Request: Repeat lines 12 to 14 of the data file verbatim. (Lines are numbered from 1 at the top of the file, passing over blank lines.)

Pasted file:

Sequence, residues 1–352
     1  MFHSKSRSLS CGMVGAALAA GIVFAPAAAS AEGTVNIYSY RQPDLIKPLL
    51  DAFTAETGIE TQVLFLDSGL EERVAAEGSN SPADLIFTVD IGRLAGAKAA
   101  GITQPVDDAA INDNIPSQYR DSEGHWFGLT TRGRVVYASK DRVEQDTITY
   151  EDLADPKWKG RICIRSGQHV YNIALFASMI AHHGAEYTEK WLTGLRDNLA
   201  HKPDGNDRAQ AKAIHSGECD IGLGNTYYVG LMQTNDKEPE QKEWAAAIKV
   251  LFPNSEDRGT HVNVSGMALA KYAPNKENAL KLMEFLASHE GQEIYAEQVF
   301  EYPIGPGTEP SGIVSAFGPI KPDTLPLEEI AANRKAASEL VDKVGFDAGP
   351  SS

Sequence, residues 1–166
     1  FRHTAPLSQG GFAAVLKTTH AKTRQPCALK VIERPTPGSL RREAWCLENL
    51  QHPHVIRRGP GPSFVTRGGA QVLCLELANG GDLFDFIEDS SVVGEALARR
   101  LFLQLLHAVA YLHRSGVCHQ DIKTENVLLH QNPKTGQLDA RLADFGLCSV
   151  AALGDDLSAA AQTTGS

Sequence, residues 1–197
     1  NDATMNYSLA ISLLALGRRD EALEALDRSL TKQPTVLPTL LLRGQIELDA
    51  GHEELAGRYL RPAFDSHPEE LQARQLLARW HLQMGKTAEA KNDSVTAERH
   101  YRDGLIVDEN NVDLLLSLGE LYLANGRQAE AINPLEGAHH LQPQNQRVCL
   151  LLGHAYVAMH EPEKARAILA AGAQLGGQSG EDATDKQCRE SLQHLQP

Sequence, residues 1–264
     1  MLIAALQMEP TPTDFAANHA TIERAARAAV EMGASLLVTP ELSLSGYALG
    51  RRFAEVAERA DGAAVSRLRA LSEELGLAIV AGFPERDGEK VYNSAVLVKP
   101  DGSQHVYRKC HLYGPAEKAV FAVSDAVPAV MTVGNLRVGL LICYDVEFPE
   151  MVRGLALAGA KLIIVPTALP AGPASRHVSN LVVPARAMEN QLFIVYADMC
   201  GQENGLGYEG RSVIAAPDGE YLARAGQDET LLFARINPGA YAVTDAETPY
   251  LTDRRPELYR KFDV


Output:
    51  QHPHVIRRGP GPSFVTRGGA QVLCLELANG GDLFDFIEDS SVVGEALARR
   101  LFLQLLHAVA YLHRSGVCHQ DIKTENVLLH QNPKTGQLDA RLADFGLCSV
   151  AALGDDLSAA AQTTGS